I had a post in mind all weekend. I really did. Scout's honor. But then we had today off and a kitchen full of produce from my family's farm, and I wanted to try my hand at canning.
My grandmother canned food when I was a young girl. Rows of snaps, butter beans, preserves, and pickles filled her spare bedroom. In many ways, she was the most self-sufficient person I've known. And I've always wanted to emulate that quality.
But I don't think I ever will. My grandmother lived in a different culture, one that dictated her role as keeper of the house who raised and stored the family's food with little help. My dad, sister, and brother raised the 25 pounds of tomatoes that went into the tomato sauce. My mom was on the other end of the helpline and walked me through the process. My husband and I worked together to core and slice and puree and drain and simmer and can. Self-sufficiency is great, but it isn't dictated for me like it was for her. I didn't realize that until today.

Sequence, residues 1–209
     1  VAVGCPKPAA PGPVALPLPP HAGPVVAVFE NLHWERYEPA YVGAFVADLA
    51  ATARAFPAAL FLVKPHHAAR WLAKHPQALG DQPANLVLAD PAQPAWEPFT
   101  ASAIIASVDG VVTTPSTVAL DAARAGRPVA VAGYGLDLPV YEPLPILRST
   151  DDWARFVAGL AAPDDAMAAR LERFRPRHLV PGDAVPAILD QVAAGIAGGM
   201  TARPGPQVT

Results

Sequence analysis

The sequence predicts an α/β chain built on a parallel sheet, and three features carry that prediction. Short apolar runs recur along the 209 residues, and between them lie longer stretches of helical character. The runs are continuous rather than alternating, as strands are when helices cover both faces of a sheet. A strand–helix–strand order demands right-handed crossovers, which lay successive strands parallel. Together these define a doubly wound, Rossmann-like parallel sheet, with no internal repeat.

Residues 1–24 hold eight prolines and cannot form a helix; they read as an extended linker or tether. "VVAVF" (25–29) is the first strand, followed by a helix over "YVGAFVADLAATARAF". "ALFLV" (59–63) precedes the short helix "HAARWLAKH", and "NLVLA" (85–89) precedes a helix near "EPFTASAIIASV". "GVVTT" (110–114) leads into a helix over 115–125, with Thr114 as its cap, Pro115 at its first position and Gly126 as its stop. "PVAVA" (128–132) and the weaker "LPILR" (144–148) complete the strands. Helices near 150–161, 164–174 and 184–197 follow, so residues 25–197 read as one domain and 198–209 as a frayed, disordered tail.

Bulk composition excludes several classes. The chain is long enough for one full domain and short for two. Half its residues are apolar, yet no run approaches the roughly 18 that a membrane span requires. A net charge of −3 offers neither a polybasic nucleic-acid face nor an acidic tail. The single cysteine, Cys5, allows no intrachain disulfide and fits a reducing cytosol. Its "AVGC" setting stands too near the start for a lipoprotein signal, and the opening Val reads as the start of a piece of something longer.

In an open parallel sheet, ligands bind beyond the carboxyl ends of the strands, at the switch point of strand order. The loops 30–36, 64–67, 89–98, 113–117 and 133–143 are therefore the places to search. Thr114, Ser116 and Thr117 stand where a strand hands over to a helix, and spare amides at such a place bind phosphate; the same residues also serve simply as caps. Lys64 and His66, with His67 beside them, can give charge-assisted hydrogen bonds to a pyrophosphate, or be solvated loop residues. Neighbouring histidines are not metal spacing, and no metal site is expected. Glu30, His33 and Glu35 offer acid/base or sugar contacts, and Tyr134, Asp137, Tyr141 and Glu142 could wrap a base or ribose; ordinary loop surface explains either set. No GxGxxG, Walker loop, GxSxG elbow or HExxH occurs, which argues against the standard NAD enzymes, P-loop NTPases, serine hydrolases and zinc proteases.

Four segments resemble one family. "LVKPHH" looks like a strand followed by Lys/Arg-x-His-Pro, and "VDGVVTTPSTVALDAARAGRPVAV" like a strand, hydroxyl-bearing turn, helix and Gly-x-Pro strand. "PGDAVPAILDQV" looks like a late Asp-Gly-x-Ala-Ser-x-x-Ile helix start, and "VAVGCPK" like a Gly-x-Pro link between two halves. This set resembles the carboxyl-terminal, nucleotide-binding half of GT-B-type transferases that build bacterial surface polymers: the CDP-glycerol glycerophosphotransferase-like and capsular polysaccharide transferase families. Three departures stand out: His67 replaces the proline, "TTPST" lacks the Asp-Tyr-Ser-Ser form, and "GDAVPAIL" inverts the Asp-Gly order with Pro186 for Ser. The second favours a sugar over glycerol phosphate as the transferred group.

So I look at the few cans of tomato sauce cooling and I see a bit of magic a family made. No one did it alone. Yet, I can still say I satisfied my longing, experienced a rite of passage, and made a conscious effort to maintain my heritage, and it happened much sooner than I expected. That is what happens when we don't go it alone.